3(1932); http://dx.doi.org/10.1063/1.1748896View Description Hide Description
A new optical screen has been designed for making rays of light visible to large lecture classes. The rays are made to strike obliquely across the screen, making a small angle with the plane of the screen. The behavior of rays of light incident on mirrors, lenses, and prisms can be conveniently demonstrated by using the ordinary forms of these optical devices without any special mountings. On account of the efficient utilization of the available light, this screen makes possible a large size pattern of the paths of the rays so that the pattern can be observed from all parts of a large lecture room. The rays of light are in full view of both the demonstrator and the class at all times.
3(1932); http://dx.doi.org/10.1063/1.1748898View Description Hide Description
3(1932); http://dx.doi.org/10.1063/1.1748899View Description Hide Description
3(1932); http://dx.doi.org/10.1063/1.1748901View Description Hide Description
3(1932); http://dx.doi.org/10.1063/1.1748902View Description Hide Description
An infrared spectrometer is described which has the following features: (1) The entire optical path may be evacuated to about 10−4 mm of mercury pressure by the use of charcoal cooled with liquid air. (2) Exit and entrance slits are both adjusted from outside the vacuum by a single graduated head. (3) The optical system is arranged to use one mirror for telescope and collimation with the slits arranged on its optical axis. (4) The prism (or grating) is rotated by a 10‐inch lever actuated by an ordinary micrometer. This lever connecting the prism table, which is in vacuum, with the micrometer which is outside, is sealed by a sylphon tube. (5) By connecting the micrometer head mechanically to a recording galvanometer the spectrometer may be made self‐recording. (6) The spectrometer is constructed in such a way as to give the thermopile maximum isolation from thermal fluctuations in the room.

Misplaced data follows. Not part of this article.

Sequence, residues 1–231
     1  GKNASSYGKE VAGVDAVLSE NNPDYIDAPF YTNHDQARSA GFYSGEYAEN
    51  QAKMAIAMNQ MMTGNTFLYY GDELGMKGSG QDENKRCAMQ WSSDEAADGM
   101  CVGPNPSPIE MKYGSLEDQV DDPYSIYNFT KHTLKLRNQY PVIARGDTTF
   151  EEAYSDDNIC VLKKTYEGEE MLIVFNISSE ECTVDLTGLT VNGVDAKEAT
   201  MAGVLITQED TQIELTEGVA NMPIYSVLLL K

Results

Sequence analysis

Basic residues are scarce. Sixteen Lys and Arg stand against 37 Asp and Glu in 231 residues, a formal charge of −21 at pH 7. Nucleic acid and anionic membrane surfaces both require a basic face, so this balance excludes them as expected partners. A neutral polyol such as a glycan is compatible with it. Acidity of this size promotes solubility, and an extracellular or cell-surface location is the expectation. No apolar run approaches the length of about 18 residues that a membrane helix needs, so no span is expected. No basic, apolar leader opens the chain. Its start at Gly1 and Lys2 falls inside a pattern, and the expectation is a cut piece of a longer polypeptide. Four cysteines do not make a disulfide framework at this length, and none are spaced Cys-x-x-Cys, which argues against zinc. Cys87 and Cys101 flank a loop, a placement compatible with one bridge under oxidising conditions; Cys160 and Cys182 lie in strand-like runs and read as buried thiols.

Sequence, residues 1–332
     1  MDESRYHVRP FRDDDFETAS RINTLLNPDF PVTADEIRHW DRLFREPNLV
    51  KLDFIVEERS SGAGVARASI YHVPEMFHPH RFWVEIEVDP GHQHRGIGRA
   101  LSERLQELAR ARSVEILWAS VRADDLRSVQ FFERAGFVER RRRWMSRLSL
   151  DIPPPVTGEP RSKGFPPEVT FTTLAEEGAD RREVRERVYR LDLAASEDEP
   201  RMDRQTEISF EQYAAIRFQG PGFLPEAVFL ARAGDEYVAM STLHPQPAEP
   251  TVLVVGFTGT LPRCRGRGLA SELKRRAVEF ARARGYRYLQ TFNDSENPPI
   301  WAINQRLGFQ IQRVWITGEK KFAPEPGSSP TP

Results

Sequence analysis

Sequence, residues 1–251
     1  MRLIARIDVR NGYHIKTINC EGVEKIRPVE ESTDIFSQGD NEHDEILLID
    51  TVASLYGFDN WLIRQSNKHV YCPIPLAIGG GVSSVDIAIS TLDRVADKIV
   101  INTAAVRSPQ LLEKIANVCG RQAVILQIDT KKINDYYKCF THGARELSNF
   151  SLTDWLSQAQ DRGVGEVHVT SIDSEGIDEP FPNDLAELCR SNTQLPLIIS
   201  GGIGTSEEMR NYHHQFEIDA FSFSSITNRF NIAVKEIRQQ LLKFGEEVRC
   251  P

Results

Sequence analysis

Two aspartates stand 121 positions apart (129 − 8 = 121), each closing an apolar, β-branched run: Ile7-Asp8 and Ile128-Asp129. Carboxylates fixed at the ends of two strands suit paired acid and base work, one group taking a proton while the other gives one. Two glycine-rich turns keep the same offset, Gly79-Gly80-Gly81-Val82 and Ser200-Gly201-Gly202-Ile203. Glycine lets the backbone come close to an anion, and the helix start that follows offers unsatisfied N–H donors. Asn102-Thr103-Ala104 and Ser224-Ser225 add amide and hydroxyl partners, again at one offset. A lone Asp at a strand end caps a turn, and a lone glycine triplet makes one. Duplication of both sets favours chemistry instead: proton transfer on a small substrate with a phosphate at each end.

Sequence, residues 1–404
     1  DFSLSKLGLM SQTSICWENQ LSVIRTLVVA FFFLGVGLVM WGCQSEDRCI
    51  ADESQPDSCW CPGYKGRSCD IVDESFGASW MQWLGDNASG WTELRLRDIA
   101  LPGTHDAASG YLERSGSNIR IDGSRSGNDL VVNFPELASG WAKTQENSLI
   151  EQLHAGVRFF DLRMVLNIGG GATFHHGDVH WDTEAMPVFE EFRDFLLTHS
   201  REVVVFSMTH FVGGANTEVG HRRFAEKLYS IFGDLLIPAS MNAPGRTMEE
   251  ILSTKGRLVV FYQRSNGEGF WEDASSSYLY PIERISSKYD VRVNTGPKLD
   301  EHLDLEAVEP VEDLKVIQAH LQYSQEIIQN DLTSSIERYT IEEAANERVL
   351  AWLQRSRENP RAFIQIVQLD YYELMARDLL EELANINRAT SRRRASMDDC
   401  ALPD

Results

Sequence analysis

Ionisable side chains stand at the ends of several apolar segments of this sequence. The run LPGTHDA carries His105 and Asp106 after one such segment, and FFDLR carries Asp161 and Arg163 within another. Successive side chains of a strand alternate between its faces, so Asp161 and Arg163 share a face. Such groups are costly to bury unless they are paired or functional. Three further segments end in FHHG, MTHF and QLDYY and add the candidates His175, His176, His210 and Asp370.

An absorption cell is described which has the following features: (1) The cell has small windows although it will handle a beam having a numerical aperture of ⅓. (2) The radiation path in the absorbing gas is one meter. The cell may be evacuated or it will withstand pressures of several atmospheres. (4) The cell may be heated to 300°C.
Various techniques for obtaining monochromatic bands of infrared radiation are discussed. A technique is described which makes spectroscopic measurements possible with a source whose temperature may fluctuate (such as the crater of a carbon arc).
3(1932); http://dx.doi.org/10.1063/1.1748903View Description Hide Description